Travel helps you realize that no matter how much you may think you know, there’s always more to learn.
Those who have been fortunate enough to travel abroad know they will return changed people. Traveling to another culture for an extended period of time leads us to see humanity from a new perspective. It also helps us see ourselves as cultural outsiders, where the language, food, clothing, and ways of thinking may all be very different than our ingrained expectations. Hopefully, a study abroad experience is ultimately humbling, as we see the way God moves in different cultures and places.
This summer, Professors Andy Little and Jim Litton led a COBA Study Abroad trip with 8 students to Montevideo, Uruguay. They also took an extended side trip to Argentina, and the students spent their free weekend at Iguazu Falls on the border of Argentina and Brazil. Students were able to receive course credit for ENTR 419 (Global Entrepreneur) and BLAW 365 (Law and Entrepreneurship).
COBA partnered with Universidad ORT, a local Uruguayan university, to arrange for company visits and cultural excursions. The ACU group met with several local startups: GeneXus, a software development company, Verdeagua, a hydroponic farming company, and Qualabs, a video software development company. The group also hosted a diplomat from the U.S. Embassy at the ACU house in Montevideo, toured the Uruguayan Congress, met with consultants from the Montevideo office of PwC, and got to know leaders of two government agencies that offer grants to start-ups.
Senior management major Taylor Walling was one of the students traveling with the group and was moved by their visit to Verdeagua. She said, “One of the most memorable visits for me was with a company called Verdeagua. They are the largest producer of hydroponic vegetables in the country. We got to tour their facility with the founder of the company, who has been working there for 20 years. I learned a lot from this experience by seeing the passion the founder has for what he does. He continually talked about what they were doing to make their company better and to grow it, which really demonstrated an entrepreneurial mindset we all wanted to learn about. The company visits were a great way to see how business in Uruguay operates.”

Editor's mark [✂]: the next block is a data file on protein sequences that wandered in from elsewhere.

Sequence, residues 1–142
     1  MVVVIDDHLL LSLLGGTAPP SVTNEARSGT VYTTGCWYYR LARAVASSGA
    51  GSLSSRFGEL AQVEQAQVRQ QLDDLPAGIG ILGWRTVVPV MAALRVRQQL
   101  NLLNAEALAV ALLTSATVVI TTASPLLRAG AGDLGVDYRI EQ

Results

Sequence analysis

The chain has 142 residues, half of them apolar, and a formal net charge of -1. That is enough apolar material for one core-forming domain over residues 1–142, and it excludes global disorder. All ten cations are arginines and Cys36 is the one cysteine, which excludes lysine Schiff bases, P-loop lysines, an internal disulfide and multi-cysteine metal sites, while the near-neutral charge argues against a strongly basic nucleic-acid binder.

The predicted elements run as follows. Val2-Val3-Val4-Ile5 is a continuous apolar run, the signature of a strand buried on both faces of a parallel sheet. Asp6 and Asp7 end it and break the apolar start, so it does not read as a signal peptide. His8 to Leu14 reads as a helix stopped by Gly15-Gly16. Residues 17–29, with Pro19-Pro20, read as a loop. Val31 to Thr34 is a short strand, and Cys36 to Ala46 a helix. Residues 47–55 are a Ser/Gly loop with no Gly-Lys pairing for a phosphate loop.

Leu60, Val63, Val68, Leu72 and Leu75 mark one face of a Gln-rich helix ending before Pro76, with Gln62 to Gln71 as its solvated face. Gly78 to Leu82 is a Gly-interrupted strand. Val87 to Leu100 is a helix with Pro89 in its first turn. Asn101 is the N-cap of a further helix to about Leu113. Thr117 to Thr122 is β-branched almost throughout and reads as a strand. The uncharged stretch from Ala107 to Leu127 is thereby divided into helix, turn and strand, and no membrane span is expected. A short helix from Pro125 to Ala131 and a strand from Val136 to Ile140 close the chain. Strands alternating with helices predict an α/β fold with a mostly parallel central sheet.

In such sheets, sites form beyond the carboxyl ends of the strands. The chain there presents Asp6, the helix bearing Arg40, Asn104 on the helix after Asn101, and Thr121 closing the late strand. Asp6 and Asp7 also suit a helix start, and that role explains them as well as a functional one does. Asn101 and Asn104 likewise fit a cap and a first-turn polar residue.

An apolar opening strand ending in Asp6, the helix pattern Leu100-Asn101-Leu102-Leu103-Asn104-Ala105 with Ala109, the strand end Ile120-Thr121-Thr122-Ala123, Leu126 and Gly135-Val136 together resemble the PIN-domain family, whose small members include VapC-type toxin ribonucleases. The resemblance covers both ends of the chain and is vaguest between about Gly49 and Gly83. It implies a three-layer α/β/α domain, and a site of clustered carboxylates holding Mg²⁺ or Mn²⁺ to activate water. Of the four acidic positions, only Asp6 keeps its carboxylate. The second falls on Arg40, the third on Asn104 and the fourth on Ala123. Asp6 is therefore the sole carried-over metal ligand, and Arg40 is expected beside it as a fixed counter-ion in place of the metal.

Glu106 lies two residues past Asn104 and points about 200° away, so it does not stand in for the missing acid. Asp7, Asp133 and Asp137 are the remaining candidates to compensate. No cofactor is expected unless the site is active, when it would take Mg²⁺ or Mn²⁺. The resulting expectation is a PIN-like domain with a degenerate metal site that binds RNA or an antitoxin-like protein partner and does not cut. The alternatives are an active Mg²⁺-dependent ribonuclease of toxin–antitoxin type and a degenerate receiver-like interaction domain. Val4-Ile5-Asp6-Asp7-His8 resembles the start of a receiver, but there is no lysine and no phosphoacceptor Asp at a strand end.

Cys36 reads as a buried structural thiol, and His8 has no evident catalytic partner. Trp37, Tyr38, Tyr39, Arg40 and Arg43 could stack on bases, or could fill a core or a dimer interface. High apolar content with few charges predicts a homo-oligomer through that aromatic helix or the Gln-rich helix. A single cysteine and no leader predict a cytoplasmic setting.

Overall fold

Why travel to Montevideo with students? Little says it’s because “Montevideo is a hidden gem in Latin America, and an outstanding place for business and technology students to study abroad.” The experience of being immersed in a foreign culture provides students with unique experiences that will enhance their future education and work skills. Students learn more conversational Spanish and are able to interact with business professionals and entrepreneurs from a very different culture than America – providing valuable knowledge to anyone interested in working globally in the future. In addition, they’re able to gain insight about themselves and the world around them by living in another culture, even for such a short time.
Walling agrees with that sentiment. “I think the unique experiences of visiting different companies in Uruguay will enhance my education and work experience in the future. I enjoyed learning about concepts and ideas in the classroom and then getting to see the ways it was all applied in actual companies. Hearing the leaders at these companies was beneficial to me in understanding how they operate business. One interesting thing was that we talked to a couple of companies about their working relationship with US companies. This piece of information could really help in my future career if I were to work with other countries in my job.”
Studying abroad doesn’t just broaden students’ educational and vocational opportunities. It also broadens their relationships with their classmates and professors. Walling said, “Studying abroad is very different from the typical classroom setting in a multitude of ways. One of the things that stood out to me most was the relationship that we, as students, got to build with each other and with the professors and their families. Instead of just going to class and hearing our professors lecture we got to share meals with them and experience new things. Through Study Abroad I feel like I gained a lot of wisdom from my professors as they shared stories from their experiences and as they listened to our dreams for the future.”
The experience doesn’t just change students. It also is a formative experience for the faculty traveling with them. Little said that he learned more about Uruguay, Argentina, and the Rio de la Plata region and, “I got to spend several weeks with 8 amazing students. Diego Bravo, ACU’s local site director, continues to be a strong friend.”
Walling encourages any student thinking about studying abroad to “go for it!” She continued, “And if you are a student who has never considered it, I would recommend you look into it. At the start of my college career, I told myself that studying abroad wasn’t for me. Now I can confidently say that it was an experience that I will always remember and that I will take the lessons I learned into my future career. The one lesson that stands out to me is to go for the things that might bring fear because you never know where it might lead you. I am glad I did not let my fears and worries get in the way of going to Study Abroad because of the amazing experiences I had during my time in Uruguay.”
To learn more about ACU Study Abroad opportunities, click here.